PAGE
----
While eating the chips, I found myself wishing that they had the fries that the Drift Food Truck offers. I felt like a starchy, filling side item like their fresh cut fries would have finished off that last little bit of emptiness in my stomach to just the right amount. I  was also suddenly craving that desirable homemade ketchup, but it was nowhere to be offered, and I’m not entirely sure why. The menu itself is very small, consisting of 1 particular sandwich a day, a soup, and a small variety of salads and some snacks. So what’s stopping them from adding their fries as a side option to their menu? I didn’t remember to ask them, but the only reason I can think of is maybe because they didn’t want the restaurant to be a non-mobile carbon copy of the food truck? Maybe? Either way, I just wished they had the fries and ketchup. Even right now, as I write this, I want those fries and ketchup. Damn you, appetite.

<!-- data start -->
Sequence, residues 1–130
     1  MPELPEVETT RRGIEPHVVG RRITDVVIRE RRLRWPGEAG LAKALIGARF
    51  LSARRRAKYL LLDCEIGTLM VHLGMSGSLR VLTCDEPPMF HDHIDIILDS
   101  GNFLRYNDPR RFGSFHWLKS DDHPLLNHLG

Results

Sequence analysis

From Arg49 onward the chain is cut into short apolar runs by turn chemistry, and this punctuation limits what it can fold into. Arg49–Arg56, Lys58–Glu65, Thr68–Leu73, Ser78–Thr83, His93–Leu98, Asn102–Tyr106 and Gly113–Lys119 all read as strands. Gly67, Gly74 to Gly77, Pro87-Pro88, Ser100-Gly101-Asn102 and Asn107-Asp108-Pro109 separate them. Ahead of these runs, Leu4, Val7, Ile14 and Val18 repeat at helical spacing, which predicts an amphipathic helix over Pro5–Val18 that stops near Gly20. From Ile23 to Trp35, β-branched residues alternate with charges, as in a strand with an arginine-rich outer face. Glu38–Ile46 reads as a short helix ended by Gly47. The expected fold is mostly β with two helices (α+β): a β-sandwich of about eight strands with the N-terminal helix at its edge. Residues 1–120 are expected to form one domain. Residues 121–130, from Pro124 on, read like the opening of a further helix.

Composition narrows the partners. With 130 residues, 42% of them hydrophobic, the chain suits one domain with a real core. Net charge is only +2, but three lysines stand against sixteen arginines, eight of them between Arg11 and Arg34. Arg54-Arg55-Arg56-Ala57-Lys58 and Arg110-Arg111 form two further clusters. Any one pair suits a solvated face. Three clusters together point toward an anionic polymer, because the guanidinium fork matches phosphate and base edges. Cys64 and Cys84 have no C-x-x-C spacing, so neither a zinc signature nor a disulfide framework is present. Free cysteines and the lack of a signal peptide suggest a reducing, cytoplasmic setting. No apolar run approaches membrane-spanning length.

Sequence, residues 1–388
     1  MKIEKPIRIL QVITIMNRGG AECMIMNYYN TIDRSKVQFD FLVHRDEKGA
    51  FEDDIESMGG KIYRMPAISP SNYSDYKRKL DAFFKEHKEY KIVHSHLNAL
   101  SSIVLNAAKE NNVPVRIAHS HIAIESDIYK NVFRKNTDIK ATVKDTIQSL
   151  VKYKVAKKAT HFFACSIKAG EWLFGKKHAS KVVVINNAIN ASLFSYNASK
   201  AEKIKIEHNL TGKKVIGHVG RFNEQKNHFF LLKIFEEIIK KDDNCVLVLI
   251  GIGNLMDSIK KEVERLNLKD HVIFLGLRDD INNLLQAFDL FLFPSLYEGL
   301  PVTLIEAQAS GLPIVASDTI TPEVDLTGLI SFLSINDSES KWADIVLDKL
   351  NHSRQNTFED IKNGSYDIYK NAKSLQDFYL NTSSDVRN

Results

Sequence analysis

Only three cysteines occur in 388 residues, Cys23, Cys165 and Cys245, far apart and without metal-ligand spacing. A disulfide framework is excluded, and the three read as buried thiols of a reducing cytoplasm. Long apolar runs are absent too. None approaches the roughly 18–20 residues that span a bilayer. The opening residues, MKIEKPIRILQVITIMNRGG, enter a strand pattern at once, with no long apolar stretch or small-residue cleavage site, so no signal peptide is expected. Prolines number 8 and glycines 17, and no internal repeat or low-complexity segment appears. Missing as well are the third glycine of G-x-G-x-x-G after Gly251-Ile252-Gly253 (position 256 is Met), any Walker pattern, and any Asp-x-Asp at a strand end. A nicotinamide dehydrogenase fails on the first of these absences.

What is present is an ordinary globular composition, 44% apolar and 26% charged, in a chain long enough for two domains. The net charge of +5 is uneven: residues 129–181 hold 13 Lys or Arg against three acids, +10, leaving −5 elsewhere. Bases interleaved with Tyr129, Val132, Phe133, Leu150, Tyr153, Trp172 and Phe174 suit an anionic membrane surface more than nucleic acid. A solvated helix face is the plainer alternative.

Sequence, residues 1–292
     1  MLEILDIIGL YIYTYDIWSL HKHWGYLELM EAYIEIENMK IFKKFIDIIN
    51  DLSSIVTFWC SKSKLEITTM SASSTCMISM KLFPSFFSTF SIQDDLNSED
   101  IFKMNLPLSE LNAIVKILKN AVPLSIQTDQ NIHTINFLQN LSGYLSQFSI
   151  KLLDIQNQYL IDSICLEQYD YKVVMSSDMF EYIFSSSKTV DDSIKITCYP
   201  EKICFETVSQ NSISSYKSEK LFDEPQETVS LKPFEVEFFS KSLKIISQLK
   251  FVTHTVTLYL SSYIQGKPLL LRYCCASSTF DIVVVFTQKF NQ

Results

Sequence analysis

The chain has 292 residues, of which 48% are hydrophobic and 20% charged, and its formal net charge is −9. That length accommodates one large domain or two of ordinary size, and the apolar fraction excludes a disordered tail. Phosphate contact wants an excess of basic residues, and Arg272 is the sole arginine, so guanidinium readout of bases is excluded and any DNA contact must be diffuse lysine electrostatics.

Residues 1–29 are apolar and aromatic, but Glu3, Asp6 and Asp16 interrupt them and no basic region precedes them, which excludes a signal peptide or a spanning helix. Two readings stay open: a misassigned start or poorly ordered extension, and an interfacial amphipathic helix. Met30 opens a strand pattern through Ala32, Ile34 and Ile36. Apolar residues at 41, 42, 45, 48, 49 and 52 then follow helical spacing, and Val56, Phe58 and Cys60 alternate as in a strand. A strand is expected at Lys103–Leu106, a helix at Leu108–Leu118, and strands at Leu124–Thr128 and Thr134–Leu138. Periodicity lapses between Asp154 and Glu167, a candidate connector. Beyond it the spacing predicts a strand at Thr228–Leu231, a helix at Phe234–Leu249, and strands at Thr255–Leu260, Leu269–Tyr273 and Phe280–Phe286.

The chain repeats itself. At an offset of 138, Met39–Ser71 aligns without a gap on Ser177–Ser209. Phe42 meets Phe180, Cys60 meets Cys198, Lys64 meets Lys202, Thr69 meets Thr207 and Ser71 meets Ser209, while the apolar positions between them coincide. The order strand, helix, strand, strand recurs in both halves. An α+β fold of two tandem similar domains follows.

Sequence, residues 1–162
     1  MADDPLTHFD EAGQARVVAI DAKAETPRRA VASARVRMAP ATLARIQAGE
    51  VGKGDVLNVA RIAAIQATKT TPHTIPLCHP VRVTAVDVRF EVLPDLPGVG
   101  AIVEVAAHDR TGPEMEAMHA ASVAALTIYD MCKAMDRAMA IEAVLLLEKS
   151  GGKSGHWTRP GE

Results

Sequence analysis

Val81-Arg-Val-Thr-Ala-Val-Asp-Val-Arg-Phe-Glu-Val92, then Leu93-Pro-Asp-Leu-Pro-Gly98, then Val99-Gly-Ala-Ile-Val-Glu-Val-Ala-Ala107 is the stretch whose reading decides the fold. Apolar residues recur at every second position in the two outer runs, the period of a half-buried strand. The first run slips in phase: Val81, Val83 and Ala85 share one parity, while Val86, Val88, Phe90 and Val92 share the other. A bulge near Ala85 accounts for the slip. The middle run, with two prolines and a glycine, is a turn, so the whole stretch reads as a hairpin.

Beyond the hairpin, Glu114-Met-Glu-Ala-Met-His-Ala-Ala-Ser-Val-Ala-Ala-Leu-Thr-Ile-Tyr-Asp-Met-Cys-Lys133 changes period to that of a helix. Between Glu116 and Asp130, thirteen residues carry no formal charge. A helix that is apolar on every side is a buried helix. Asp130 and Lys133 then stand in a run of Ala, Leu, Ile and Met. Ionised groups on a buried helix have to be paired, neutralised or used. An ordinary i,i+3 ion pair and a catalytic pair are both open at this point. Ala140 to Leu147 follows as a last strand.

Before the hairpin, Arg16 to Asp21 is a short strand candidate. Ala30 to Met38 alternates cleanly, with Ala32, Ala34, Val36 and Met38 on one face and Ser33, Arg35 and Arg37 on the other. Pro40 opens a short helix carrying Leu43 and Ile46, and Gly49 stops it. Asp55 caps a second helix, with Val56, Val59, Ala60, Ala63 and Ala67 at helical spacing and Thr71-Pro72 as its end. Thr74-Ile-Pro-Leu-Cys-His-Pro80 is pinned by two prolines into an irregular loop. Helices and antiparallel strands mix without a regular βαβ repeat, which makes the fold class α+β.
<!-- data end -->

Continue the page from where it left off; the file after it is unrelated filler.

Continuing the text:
I love being able to eat while staring at my car <3

I love being able to eat while staring at my car <3